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FROM THIS EPISODE

This is Diana Nyad for KCRW, and this is The Score.

When people ask what my favorite sports are, as a spectator, I answer tennis (actually badminton, squash, anything with a racquet), the NFL, most of the Olympic agenda, especially track & field, baseball, the NBA. Even when I'm not a regular follower, almost every sport offers some aspect that will at least somewhat hold my interest. My first job as a sports journalist was as an announcer for ABC's golden series The Wide World of Sports. I would jaunt around the globe, from the World Table Tennis Championships in Tokyo one Saturday to the World Water Skiing Championships in London the next to the World Lumberjack Championships in Hayward, Wisconsin. To observe and interview the individuals who have pursued and achieved the pinnacle of any endeavor is a privilege. Even log rolling has its merits.

But there are certain sports I not only am not drawn to... a few sports even offend me. Or things about them offend me. I respect the game of golf enormously. The skills are so difficult that even the greatest champions don't win as much as ten per cent of the time. I can surely take in the beauty of those rough-hewn courses on the Scottish coast and the fairways nestled among the stately oaks of New England. But there's always something off-putting about the inherent classist nature of golf. Even in the era of Tiger, it remains a sport of the upper crust... and a sport that demands an unconscionable use of water to maintain those pristine, short-cut greens.

Most sports involving animals are not my cup of tea. I covered the Iditarod dog-sled race ten times. Walking out onto the ice of the Bering Sea in February, the Northern Lights dancing a spectacular show above, is a distinct memory. But watching those huskies' paws bleed and crack during their 1100-mile, 22-hour-a-day run across the Alaskan tundra, was heartache for a dog lover. Susan Butcher, the famous multiple winner of the race, the one for whom was coined the popular slogan “Alaska: Where Men are Men and Women Win the Iditarod,” the great lady of pioneer spirit who beat the cruelest of winter elements but this year tragically couldn't beat cancer, assured me that the Alaskan husky lives to pull the sled across vast distances, lives to perform as perhaps the ultimate endurance athlete. Well, as that might be true, a few of the Alaskan huskies actually die each year, pulling sleds from Anchorage to Nome.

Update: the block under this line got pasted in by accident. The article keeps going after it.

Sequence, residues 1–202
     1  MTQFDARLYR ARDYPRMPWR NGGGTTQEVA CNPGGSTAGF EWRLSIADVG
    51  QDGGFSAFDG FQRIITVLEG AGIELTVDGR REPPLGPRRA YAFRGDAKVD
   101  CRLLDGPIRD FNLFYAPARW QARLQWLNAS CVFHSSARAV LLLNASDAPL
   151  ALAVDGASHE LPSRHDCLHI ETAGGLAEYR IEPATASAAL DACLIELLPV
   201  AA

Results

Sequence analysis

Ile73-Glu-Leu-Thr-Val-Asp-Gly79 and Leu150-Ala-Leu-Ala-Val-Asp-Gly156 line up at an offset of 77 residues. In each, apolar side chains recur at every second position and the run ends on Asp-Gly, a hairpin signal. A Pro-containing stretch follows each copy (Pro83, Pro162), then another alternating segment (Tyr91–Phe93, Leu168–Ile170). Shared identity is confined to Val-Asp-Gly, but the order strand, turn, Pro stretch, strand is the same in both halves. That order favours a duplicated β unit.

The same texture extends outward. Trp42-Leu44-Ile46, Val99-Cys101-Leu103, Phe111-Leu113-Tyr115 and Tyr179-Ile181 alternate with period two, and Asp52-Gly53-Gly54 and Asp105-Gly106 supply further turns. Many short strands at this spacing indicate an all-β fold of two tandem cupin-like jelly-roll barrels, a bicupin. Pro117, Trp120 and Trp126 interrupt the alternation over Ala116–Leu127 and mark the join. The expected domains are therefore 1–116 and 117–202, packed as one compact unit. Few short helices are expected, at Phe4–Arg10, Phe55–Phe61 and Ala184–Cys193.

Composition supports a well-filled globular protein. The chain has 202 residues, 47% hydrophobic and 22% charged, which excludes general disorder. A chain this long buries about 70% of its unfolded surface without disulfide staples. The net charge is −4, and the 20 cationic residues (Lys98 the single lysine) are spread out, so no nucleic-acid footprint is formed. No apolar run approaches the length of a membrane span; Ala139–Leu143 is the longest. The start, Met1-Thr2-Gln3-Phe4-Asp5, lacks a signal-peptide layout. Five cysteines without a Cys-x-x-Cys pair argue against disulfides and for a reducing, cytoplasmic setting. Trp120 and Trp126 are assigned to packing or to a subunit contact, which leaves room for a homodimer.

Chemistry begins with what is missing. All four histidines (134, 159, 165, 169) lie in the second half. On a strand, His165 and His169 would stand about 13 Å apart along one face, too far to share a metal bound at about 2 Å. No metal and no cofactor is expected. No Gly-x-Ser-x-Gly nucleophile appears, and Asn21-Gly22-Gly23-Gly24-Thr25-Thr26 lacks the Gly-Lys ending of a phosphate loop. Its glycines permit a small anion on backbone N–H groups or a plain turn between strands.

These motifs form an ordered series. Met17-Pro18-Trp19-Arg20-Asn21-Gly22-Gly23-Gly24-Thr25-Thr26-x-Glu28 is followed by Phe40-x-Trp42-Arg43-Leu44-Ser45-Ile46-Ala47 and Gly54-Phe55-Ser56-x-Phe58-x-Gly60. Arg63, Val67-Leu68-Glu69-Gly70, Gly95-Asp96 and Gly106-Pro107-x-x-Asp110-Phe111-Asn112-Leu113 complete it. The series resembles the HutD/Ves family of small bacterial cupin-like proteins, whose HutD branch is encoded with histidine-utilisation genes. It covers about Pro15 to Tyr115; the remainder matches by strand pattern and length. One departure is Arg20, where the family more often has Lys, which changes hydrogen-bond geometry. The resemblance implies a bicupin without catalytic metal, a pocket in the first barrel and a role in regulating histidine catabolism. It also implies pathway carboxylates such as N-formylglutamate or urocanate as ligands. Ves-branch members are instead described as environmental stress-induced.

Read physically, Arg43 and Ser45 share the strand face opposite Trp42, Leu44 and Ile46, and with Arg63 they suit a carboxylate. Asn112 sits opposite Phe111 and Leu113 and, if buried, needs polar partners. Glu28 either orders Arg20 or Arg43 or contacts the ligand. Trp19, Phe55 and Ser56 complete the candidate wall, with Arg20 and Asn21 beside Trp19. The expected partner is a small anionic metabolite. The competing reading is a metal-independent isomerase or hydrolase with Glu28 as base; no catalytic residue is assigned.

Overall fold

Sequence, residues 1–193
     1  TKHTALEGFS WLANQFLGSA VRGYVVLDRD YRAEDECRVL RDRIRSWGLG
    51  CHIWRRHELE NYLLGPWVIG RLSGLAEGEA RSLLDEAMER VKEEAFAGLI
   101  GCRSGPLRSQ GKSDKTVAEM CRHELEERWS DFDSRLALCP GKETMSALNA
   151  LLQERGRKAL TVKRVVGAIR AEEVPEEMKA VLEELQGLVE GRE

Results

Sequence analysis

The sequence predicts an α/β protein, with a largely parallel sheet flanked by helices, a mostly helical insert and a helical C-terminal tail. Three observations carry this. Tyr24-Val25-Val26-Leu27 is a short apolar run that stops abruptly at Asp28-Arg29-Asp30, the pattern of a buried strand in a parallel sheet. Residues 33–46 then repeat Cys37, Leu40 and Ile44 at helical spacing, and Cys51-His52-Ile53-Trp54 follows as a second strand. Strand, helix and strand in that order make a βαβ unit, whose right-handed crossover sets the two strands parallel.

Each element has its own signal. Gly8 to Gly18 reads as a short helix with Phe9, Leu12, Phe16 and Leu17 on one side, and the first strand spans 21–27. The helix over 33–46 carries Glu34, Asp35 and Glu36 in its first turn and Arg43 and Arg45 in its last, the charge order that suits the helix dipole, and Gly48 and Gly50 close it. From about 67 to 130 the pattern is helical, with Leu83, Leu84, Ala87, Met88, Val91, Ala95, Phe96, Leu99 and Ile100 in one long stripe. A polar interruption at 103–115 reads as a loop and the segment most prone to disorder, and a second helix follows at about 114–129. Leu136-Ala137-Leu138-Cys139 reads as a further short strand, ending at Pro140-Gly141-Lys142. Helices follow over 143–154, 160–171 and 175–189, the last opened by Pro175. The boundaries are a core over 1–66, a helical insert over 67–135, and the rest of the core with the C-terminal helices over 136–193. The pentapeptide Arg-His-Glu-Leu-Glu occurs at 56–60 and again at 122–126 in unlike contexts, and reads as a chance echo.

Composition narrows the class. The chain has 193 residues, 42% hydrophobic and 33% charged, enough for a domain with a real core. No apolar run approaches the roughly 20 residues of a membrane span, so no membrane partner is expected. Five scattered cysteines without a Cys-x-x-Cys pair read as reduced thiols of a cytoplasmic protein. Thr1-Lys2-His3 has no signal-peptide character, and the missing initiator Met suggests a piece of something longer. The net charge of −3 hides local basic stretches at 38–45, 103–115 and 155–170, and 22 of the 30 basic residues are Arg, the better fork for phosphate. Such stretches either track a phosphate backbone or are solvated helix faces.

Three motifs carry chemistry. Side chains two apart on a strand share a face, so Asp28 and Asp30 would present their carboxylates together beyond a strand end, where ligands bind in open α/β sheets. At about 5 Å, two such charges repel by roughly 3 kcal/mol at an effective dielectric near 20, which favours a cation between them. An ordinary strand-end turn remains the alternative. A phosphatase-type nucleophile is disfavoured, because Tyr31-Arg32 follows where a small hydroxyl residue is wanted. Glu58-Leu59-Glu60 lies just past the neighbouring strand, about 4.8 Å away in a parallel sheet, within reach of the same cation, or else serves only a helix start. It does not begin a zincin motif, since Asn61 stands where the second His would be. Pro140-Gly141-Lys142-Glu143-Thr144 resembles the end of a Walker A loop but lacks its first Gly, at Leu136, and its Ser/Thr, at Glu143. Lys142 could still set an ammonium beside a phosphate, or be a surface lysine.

Motor sports offend me in their consumption of fuel. It's one thing to be bored by cars whipping around an oval. But I'm bored watching bowling, too. That same ten-pin formation every single time. But the bowler only consumes a lunch while those race cars guzzle thousands of gallons of the same precious fuel we are losing lives over in Iraq.

And speaking of consuming and guzzling, that brings me to the most offensive "sport" of all, if we can call it that. I was surfing the sports channels this past week-end, to land on ESPN and a series they call Great American Events. This particular day was hot dogs, but we've seen pies. And pancakes. In a limited amount of time, burly people line up to see how much of this specific food they can stuff down their throats. They have their hands tied for the pies. A gun goes off and they open their jaws wide, seemingly double-hinged, and immerse their faces in giant pies, inhaling voraciously. The hot dogs they cram two at a time into their mouths, before they've even swallowed the previous two.

When we see terribly disturbing images of Africans, desperate for even a swallow of water, children wasted down to bone, it's time to stop the gorging competitions. This is where I draw the line. And shame on ESPN for not drawing that line, too.

This is Diana Nyad for KCRW, and that's The Score.


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